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    1. thank you twinsy. it's so true, no matter what there will be someone or some thing . . . hopefully, while he might not get the whole 'life lesson' here at this age, it seeps in a little bit and it's one that he build on. i often look at him and i wish i had a tenth of the confidence he has. it's pretty impressive! (and of course nothing i want chipped away at!). xoxo

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  3. ohmyheart! i don't know what i will do the day august comes to me with some form of heartache caused by one his peers, but you handled the situation so brilliantly with milo. he probably needed that initial reaction from you, the immediate and unquestioning support of "ok, we can cut your hair". but what he will appreciate more later (if not already) is what followed when you explored the driving force for his request and left him with the option to cut it in a week. he sounds like such an incredible spirit and it would be tragic to ever have that crushed. i hope that he will realize that and stay true to his heart. beautiful boy. but, oh! your sensitivity and thoughtfulness really impress and inspire me. i'm putting this lesson in the "mind bank". xo

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    1. thank you lucinda all you say means so much to me. it's hard to know what the right thing is as a parent! xo

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  4. oh no. oh no oh no oh no. I feel for you. all of you. it's so disheartening that this kind of pressure starts so early. and it's so hard to handle for you. I'm only getting glimpses of how difficult it is to help your children navigate this world. don't know what else to say. thinking of you xoxoxo

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    1. i know, so early, geez! whenever people ask me 'are they girls?' i say 'they're just kids' followed up with 'no they boys' ;) but seriously what does being a boy or a girl at 6 really matter? i can't think of anything really at all. xoxo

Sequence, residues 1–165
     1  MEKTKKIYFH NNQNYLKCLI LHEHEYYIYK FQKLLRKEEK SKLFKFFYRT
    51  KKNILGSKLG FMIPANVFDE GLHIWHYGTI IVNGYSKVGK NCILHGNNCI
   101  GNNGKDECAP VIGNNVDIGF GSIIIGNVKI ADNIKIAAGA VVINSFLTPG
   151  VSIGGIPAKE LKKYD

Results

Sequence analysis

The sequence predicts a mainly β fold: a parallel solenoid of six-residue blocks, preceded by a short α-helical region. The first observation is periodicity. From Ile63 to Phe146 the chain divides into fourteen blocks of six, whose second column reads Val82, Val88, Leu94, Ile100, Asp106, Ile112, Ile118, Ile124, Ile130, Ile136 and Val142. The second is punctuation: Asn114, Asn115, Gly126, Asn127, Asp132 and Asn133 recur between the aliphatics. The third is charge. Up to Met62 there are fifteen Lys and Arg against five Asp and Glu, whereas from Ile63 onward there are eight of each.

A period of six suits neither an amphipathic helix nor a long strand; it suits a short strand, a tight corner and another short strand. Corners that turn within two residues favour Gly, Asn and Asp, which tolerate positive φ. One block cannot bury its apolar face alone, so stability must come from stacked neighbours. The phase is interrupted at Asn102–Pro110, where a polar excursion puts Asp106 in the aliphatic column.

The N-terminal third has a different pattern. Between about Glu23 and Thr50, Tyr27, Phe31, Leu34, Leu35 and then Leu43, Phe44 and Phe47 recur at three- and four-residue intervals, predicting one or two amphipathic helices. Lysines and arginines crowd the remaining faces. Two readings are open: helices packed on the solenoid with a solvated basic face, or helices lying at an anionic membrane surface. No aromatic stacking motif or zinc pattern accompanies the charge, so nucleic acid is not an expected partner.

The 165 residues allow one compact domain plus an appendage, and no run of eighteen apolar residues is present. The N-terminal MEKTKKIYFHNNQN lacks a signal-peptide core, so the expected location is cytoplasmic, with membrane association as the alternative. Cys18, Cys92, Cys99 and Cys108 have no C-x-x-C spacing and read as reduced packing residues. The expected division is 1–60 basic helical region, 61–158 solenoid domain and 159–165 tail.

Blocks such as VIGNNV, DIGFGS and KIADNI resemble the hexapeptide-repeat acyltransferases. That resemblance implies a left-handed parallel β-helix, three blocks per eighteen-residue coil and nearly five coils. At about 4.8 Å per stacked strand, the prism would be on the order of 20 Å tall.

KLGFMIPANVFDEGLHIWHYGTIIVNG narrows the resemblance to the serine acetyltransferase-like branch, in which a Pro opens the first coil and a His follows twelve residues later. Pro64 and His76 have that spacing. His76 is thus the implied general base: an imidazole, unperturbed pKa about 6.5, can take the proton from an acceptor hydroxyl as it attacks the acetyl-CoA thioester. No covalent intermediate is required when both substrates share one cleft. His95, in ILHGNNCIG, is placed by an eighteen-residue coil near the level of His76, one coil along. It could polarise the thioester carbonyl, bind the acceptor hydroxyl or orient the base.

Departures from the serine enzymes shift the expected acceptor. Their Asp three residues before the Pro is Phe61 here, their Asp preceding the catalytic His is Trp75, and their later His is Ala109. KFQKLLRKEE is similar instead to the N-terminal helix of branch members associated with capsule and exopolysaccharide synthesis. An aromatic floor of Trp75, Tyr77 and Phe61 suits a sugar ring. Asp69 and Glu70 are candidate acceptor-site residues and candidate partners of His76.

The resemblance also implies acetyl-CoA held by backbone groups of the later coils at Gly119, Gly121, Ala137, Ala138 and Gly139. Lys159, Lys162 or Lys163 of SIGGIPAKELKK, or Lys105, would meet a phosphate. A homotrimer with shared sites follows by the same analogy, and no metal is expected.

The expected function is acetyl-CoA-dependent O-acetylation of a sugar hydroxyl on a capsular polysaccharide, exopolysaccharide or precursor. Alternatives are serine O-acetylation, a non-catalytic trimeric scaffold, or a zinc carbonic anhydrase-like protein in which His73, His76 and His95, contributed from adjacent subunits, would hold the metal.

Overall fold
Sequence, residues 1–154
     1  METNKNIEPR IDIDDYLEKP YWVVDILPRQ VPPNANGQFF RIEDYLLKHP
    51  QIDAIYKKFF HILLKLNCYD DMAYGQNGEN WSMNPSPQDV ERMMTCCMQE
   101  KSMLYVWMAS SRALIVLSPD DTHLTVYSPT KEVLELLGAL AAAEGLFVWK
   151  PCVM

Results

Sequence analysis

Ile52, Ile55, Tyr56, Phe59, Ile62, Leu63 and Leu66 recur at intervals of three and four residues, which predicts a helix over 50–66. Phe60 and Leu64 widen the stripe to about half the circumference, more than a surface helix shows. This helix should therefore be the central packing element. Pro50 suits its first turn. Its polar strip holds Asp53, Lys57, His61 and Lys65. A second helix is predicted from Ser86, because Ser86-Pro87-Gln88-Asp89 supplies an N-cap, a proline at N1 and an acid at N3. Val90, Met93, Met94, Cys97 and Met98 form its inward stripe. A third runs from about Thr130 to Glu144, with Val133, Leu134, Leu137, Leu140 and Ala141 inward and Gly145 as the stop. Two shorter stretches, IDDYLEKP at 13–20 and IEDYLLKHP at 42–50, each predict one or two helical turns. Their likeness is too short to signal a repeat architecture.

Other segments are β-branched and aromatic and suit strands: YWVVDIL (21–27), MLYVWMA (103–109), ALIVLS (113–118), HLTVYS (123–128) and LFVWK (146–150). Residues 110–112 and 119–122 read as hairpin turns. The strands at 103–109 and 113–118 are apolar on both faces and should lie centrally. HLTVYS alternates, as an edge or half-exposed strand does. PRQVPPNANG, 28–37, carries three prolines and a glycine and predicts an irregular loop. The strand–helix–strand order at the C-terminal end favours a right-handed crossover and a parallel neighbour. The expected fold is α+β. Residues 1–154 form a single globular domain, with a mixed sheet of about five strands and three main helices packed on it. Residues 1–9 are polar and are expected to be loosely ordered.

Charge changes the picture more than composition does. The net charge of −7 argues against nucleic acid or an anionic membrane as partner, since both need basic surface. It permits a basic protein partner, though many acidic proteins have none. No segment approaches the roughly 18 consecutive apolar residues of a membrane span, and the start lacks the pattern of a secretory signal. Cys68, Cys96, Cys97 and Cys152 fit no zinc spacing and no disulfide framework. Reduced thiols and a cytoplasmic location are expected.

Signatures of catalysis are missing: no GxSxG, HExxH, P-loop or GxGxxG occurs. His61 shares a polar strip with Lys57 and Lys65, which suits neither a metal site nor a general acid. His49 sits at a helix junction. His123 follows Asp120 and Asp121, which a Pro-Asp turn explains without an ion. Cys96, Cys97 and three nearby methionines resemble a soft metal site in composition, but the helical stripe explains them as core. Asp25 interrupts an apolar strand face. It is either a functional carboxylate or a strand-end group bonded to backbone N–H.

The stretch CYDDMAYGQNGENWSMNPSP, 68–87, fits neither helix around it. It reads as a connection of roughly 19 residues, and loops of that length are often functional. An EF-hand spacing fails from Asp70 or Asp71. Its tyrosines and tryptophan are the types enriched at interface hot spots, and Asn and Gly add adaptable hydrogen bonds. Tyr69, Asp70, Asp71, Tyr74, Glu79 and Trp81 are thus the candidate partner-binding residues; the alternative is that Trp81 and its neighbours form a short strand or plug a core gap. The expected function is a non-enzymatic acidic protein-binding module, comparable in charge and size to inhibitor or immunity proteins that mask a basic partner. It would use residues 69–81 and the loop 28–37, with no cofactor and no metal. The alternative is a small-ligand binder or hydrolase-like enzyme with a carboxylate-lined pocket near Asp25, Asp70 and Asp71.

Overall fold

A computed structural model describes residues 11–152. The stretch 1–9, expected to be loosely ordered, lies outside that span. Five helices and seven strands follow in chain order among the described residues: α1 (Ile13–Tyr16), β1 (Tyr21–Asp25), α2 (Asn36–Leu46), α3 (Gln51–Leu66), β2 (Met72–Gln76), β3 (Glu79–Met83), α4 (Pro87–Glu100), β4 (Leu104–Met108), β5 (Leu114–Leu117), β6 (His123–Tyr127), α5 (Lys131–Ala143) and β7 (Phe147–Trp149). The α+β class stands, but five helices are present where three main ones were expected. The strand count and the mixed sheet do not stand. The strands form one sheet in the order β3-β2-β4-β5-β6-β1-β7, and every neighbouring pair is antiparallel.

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  5. So touched by Milo's experience and I wish wish wish I had any advice at all that might be helpful. Growing up in a group with a bunch of girls and just one boy, he loved to play dress-up with us and always picked the pink princess dress....until his macho dad bought him a knight-outift and a sword. Even at that tender age I felt so strongly that he should be able to dress in pink, dang it, if he wants to. I wish you all the best and tell your son to hang in there---once your grown up and past the playground bully battles, a georgeous boy is going to rock real life way better and harder than the small and meanspirited ones that were teasing him!

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    1. i think it's totally normal for little boys to love those things! when i was a little girl i adored my grandfather so much i dressed like a boy, had short hair (by default it didn't grow till i was about 5!), and i wanted all boy toys for christmas for years. i'd even pretend to shave with him. and really, those are some of my fondest memories! xx

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  6. Wow, your mothering story is so touching...the situation is so unfortunate, but I really think you handled it wonderfully! Also congrats on the West Elm order and the Etsy feature...that is so exciting! Your work is so beautiful!